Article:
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5 key UX considerations when setting up a hybrid B2B and DTC eCommerce store

Rhys Laval, Technical Director

April 12, 2023
Best Practice Guide
5 key UX considerations when setting up a hybrid B2B and DTC eCommerce store

In today’s ecommerce landscape, it’s becoming increasingly common for online merchants to have both a retail and wholesale operation. Historically, these channels were often treated as separate entities, with entirely different ecommerce store setups for DTC and B2B.

However, a growing trend is emerging as merchants opt for a “hybrid” approach for these two channels, sometimes referred to as a “blended store”. A hybrid store offers numerous advantages, including a centralised location to manage key ecommerce activities such as catalogue and inventory, content and marketing, and a consistent brand experience on the frontend of the store. In this guide, we’re going to cover five key areas to think about when embarking on this shared DTC and B2B approach. So let's get started!

1. Setting up a DTC and B2B navigation

How to construct the optimal navigation for your B2B customers could itself be a single topic to talk extensively about. On a hybrid store, it’s almost certain that you want your B2B customers to browse via a different navigation to your DTC customers. Perhaps you offer a much simpler catalogue for your B2B customers or you may even offer a different product range entirely. Your eCommerce platform should have simple ways to ‘switch’ how the navigation works based on who the customer is. In Shopify for example, it’s very simply to create navigation menus and, with just a few lines of work, you can vary which navigation menu is shown based on whether or not a B2B customer is signed in.

2. Configuring different shipping rules for DTC and B2B

Managing shipping rules can be complex enough and in a hybrid store, additional layers of complexity are likely to be required to manage different shipping rules based on DTC and B2B. Perhaps your B2B customers aren’t eligible for your ‘free shipping’ threshold or perhaps their shipping costs are based on the total weight of their order. When setting up shipping, ensure your platform allows you to specify rules based on who the customer is. For Shopify, there are a number of great third-party apps such as Intuitive Shipping that allow you to specify shipping rules based on a customer tag and SparkLayer itself has an easy way to enable B2B-only shipping rules

3. Setting up B2B only products and collections

One of the most challenging aspects of a hybrid store is how to manage different product catalogues between DTC and B2B. In the case of B2B, many merchants have products - or collections of products - that are exclusive only to their wholesale customers and it’s important that regular retail customers aren’t able to view or purchase them. This is a topic we’ve covered extensively and we’ve a full guide here on some practical ways to implement this.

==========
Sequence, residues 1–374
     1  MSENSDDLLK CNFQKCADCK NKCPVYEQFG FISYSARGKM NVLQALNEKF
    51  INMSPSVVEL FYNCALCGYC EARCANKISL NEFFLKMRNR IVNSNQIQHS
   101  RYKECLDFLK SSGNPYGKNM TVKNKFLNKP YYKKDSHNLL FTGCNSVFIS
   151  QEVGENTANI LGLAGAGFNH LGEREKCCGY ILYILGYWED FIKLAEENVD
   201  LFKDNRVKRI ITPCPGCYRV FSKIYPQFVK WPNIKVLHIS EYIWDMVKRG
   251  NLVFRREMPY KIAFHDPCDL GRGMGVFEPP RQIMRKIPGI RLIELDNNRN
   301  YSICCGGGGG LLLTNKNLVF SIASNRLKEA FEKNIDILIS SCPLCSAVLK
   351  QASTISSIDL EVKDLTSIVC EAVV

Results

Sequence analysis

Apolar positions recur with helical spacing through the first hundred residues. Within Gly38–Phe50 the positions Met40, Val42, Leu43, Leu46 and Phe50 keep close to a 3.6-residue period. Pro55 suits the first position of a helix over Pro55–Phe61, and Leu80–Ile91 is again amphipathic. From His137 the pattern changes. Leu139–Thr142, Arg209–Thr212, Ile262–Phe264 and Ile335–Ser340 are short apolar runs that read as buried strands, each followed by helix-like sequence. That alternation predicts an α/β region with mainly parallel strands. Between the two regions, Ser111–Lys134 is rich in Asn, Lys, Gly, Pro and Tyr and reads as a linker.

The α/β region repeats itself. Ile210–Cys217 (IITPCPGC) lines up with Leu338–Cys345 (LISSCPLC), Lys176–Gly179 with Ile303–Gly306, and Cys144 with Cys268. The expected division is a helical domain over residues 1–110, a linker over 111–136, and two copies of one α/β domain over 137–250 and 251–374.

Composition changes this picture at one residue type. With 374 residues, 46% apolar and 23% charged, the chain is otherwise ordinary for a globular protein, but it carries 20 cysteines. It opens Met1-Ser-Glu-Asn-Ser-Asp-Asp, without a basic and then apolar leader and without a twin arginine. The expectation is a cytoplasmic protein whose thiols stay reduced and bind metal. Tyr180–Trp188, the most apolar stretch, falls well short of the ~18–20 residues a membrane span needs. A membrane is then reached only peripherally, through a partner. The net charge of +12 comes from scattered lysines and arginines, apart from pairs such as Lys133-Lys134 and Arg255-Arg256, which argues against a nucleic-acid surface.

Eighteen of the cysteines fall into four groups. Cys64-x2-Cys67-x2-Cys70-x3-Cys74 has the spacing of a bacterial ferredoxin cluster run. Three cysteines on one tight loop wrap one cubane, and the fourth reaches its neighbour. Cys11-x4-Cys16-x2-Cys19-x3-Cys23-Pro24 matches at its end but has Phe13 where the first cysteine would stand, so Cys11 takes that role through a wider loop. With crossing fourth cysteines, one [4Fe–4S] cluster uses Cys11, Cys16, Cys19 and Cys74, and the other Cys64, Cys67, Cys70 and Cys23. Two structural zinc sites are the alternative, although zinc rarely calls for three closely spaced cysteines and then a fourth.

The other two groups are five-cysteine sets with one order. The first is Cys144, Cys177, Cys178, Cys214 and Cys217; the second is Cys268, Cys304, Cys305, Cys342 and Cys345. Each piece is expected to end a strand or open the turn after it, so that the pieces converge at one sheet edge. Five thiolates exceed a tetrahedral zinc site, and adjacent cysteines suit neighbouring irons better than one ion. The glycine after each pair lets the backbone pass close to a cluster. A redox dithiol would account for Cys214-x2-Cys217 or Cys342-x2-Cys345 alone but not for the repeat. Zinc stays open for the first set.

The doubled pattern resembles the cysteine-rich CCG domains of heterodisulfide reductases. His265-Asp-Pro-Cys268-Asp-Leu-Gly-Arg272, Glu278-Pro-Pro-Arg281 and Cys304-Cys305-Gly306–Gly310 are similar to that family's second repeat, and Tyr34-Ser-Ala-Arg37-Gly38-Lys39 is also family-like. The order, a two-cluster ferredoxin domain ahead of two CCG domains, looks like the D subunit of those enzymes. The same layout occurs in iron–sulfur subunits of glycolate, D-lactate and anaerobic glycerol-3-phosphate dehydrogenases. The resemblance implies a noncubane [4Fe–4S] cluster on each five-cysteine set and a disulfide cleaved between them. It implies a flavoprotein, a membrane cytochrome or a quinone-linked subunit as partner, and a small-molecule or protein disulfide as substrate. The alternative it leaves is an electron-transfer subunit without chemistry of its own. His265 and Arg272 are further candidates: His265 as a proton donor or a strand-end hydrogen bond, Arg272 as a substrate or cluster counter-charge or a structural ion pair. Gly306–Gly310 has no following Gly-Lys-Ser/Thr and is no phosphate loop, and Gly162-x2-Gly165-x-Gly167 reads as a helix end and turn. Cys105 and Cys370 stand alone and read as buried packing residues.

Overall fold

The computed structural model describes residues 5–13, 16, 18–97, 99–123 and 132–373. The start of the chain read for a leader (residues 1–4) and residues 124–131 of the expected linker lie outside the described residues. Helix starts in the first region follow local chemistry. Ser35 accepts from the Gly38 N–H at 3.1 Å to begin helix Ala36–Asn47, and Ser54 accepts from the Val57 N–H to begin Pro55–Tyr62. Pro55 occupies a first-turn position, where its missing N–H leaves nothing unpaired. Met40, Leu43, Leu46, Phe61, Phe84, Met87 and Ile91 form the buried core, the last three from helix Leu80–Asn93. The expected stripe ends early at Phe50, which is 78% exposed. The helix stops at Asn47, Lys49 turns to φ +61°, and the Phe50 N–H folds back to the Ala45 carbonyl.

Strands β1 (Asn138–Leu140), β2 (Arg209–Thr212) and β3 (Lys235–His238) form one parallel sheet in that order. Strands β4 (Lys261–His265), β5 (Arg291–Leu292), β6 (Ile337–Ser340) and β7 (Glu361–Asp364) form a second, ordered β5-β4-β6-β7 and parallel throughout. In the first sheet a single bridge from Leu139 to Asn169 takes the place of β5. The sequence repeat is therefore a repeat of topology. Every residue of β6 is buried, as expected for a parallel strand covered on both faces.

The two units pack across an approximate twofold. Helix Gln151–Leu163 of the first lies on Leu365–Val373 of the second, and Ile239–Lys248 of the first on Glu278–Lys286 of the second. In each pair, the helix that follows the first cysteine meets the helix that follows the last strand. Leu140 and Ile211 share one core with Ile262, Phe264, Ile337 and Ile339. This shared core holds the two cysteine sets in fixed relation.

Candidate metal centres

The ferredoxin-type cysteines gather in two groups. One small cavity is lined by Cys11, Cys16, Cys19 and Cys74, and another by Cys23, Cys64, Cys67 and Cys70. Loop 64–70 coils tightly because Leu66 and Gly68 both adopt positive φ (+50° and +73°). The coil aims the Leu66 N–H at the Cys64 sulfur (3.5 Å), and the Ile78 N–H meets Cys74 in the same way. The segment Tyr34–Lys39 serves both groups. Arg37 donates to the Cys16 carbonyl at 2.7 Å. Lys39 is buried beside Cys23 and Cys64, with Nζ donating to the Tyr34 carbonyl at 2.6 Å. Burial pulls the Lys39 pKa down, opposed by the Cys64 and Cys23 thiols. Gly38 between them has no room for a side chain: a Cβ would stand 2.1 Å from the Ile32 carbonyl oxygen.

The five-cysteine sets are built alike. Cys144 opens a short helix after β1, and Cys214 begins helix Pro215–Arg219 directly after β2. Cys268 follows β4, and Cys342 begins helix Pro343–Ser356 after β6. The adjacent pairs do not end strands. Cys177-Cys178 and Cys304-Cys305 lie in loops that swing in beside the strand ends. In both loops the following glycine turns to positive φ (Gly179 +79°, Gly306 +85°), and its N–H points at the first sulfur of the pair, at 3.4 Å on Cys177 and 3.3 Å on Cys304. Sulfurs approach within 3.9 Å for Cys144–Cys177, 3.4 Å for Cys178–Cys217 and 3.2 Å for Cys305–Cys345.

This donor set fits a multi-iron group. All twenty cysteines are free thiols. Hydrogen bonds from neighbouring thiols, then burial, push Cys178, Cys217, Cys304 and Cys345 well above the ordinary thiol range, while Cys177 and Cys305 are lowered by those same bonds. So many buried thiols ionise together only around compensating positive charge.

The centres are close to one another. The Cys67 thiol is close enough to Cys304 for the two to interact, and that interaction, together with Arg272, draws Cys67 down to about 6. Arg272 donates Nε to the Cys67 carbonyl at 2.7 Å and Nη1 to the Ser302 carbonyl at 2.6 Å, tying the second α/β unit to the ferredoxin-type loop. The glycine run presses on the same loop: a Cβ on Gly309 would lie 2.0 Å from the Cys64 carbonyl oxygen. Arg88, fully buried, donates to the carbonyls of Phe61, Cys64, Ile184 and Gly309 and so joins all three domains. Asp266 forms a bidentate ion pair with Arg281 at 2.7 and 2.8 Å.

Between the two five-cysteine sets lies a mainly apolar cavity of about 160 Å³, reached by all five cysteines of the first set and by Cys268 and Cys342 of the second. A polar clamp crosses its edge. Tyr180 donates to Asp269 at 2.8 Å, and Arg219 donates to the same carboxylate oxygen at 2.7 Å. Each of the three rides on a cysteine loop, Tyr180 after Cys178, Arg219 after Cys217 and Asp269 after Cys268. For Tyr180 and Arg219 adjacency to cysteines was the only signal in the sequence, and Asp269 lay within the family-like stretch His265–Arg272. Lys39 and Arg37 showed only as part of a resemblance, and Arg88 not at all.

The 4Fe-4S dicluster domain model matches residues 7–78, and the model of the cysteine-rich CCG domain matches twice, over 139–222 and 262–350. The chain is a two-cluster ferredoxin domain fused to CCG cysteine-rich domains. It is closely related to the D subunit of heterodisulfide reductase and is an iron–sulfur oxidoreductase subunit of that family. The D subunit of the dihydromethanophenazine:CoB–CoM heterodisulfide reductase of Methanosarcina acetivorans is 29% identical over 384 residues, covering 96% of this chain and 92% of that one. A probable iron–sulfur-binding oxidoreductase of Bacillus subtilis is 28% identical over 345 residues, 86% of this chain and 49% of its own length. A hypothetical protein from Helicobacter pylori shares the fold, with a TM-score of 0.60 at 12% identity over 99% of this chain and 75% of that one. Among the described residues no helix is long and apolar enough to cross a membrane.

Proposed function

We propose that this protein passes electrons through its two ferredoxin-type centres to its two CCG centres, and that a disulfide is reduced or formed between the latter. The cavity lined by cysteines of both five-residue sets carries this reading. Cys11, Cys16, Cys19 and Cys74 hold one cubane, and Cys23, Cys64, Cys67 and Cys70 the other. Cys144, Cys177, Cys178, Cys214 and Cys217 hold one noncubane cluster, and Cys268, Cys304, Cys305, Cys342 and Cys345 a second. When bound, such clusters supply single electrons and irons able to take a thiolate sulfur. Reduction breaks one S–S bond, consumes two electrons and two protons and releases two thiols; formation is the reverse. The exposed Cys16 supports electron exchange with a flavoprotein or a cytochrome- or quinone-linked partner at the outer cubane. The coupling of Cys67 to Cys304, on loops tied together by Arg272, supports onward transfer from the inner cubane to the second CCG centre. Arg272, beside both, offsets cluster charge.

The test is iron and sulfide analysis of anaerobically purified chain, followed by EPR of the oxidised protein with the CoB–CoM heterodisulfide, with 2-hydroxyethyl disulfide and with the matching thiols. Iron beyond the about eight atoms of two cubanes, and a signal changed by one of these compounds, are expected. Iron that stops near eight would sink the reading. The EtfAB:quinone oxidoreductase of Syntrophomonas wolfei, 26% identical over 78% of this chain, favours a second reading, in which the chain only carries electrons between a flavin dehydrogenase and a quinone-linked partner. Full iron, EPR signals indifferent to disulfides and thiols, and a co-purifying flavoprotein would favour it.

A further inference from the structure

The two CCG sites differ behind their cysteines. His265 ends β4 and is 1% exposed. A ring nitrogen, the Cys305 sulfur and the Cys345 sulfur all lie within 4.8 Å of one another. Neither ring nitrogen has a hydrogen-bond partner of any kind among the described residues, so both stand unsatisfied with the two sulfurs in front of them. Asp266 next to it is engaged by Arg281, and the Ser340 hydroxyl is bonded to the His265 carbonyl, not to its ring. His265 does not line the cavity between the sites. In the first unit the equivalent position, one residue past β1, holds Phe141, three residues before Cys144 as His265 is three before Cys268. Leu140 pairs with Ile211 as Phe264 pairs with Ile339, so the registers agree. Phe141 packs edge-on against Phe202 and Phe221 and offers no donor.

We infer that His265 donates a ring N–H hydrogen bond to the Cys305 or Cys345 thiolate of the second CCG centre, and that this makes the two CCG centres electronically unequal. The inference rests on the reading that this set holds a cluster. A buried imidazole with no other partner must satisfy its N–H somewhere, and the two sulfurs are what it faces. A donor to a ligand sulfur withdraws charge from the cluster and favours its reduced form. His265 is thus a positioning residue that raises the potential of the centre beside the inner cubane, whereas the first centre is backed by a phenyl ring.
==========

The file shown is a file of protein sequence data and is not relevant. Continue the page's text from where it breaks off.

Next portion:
4. Displaying DTC-only and B2B-only content blocks

Depending on how far you may be looking to customise the B2B experience on your hybrid store, it’s likely that you’re going to want to hide and show content based on whether it’s a DTC or B2B customer viewing the particular page. One of the easiest ways to achieve this is to create specific content blocks that are restricted based on who the customer is. Your eCommerce platform should have ways to do this and it typically involves adding special “conditional code logic” to your website that either renders a content block or doesn’t. For Shopify, we’ve covered easy ways to do this in our guide here.

5. Configuring DTC and B2B payment methods

Perhaps the most important element of all are payment methods. It’s almost certain that your B2B customers expect different payment methods, e.g. net payment terms, pay on invoice, pay on credit, etc. One of the complications of a hybrid setup is being able to successfully configure these based on a DTC or B2B customer. Your eCommerce platform likely has a way to set this up, however some may require special coding to achieve this. With SparkLayer for exxmple, it’s possible to display B2B-only payment methods on a hybrid store out of the box, and Shopify does also have ways to hide/show payment methods on the checkout using their checkout extensions feature. Additionally, you could also consider using dedicated B2B payment solutions such as Balance and Hokodo to only show for your B2B customers, giving them a more customised B2B payment experience during the checkout process.

Round up

At SparkLayer, we see first hand this convergence between DTC and B2B channels and a large proportion of our customer-base has successfully implemented this hybrid approach.

SparkLayer customer account Area teapigs successfully enabled a hybrid DTC and B2B experience on a single store.

What may seem quite a simple concept can actually evolve into a complex process of building our DTC and B2B specific logic and rules. If you’re considering this route too, you’ll need to ensure the platform or solution you use has the capabilities to allow the user experience to be tailored to your requirements. If you'd like to learn more about how SparkLayer can help you deliver a hybrid B2B and DTC store, please feel free to request a demo here!

Rhys Laval

Rhys Laval

Co-Founder & CTO, SparkLayer

Rhys possesses extensive experience in eCommerce and SaaS-based products, including leading fast and agile teams implementing high-level software architecture. He holds a BSc Hons in Computer Science from the University of West of England. Outside of work, Rhys enjoys outdoor activities such as climbing, urban exploration, hiking, and traveling, in addition to taking care of his feline companion at home!
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